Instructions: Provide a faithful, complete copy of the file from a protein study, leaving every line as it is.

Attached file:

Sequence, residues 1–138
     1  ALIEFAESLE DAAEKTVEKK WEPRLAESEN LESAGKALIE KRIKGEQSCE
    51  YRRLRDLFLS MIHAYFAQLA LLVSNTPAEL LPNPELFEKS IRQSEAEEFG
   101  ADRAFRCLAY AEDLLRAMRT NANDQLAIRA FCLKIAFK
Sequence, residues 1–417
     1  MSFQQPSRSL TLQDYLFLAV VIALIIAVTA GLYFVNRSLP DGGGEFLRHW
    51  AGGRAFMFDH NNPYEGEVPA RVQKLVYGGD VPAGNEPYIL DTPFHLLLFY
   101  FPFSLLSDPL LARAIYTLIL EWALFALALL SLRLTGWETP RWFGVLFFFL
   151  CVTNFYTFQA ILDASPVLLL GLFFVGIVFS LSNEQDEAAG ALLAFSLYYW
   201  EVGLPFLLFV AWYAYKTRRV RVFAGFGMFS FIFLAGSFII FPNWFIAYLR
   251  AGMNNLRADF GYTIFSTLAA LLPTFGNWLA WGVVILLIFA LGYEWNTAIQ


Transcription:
Sequence, residues 1–138
     1  ALIEFAESLE DAAEKTVEKK WEPRLAESEN LESAGKALIE KRIKGEQSCE
    51  YRRLRDLFLS MIHAYFAQLA LLVSNTPAEL LPNPELFEKS IRQSEAEEFG
   101  ADRAFRCLAY AEDLLRAMRT NANDQLAIRA FCLKIAFK
Sequence, residues 1–417
     1  MSFQQPSRSL TLQDYLFLAV VIALIIAVTA GLYFVNRSLP DGGGEFLRHW
    51  AGGRAFMFDH NNPYEGEVPA RVQKLVYGGD VPAGNEPYIL DTPFHLLLFY
   101  FPFSLLSDPL LARAIYTLIL EWALFALALL SLRLTGWETP RWFGVLFFFL
   151  CVTNFYTFQA ILDASPVLLL GLFFVGIVFS LSNEQDEAAG ALLAFSLYYW
   201  EVGLPFLLFV AWYAYKTRRV RVFAGFGMFS FIFLAGSFII FPNWFIAYLR
   251  AGMNNLRADF GYTIFSTLAA LLPTFGNWLA WGVVILLIFA LGYEWNTAIQ